Freedom Fighters: John Whitten - KLTV.com-Tyler, Longview, Jacksonville, Texas | ETX News

Freedom Fighters: John Whitten

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By Joan Hallmark - bio | email
Posted by Ellen Krafve - email

TYLER, TX (KLTV) - "This is actually my flight helmet from the 101st," said John Whitten, showing me his helmet. "This is the one I took to Iraq for the very first time."

Whitten was just out of high school when he joined the Army in 1988.

"When I was 12 years old, I knew I was going in the military 'cause I knew they had helicopters," said Whitten.

Within two years of joining, Whitten's love of helicopters was to take him to the Persian Gulf for Operation Desert Storm.

"When we got there, we hit the ground running," said Whitten. "Midnight and it was over 100 degrees on the tarmac. It was so hot during the day you couldn't work on the helicopter. They would actually blister your hands. So, the temps did get to 140 degrees. It was nasty hot you know."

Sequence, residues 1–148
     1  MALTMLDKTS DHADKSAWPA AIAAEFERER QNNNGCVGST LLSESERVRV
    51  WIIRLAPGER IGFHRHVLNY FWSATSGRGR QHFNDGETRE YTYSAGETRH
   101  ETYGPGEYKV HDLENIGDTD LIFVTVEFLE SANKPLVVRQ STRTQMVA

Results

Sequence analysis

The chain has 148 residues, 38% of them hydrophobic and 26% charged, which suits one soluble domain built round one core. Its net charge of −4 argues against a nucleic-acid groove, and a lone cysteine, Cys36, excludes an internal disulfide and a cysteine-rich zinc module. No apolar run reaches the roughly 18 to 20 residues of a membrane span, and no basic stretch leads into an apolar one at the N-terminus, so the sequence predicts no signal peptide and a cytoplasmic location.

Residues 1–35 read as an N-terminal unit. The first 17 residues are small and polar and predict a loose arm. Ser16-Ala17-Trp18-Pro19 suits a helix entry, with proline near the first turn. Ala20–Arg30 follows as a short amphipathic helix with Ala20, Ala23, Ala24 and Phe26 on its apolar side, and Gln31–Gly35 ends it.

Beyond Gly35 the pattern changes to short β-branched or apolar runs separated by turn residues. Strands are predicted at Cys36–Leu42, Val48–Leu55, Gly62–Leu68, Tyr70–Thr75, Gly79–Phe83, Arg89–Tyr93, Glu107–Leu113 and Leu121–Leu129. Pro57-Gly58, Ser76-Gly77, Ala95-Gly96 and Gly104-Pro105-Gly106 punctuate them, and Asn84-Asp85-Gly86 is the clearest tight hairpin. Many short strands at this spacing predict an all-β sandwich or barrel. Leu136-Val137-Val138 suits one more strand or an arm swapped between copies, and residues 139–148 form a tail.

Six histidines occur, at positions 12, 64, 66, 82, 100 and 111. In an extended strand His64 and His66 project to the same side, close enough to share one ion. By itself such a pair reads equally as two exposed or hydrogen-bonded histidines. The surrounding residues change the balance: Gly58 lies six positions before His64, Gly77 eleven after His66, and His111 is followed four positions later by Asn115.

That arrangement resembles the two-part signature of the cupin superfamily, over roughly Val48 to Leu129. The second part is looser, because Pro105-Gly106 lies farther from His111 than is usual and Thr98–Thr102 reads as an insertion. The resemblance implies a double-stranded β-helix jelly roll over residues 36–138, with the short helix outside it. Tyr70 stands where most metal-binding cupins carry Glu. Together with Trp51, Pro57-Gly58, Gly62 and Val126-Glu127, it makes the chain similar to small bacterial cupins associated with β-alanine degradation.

As it turned out, heat and sand would be Whitten and his Chinook Helicopter's biggest enemy during the first Gulf War. Thirteen years later, Whitten returned to Iraq for a different kind of war.

"It's a different experience," said Whitten. "It's one of the things I really don't like to talk about."

Although "kill or be killed" is the very essence of war, it's something warriors may not talk about, but never forget.

"Those are the days you really count your blessings, when you are taking fire and returning fire," he said. "You don't have time to think, training takes over."

As a flight engineer on a 60 foot long Chinook Helicopter in the Iraq War, Whitten and his crew would fly troops, ammunition and supplies to battle fronts all over the country. Many times, Whitten would return from missions not knowing his copter had been hit, until he saw the holes in it. Whitten says the U.S. "ruled the air" but there was always danger from shoulder fired rockets and small arms fire.

"I've got thousands of hours in the Chinook Helicopter," he said. "I've had several emergency proceedures where we've had to land the aircraft, otherwise it would crash."

In October of 2003, Whitten returned to private life, his boyhood dream of flying in helicopters finally fulfilled. Ironically, the name of John Whitten's Big Chinook Helicopter was "Nightmare".

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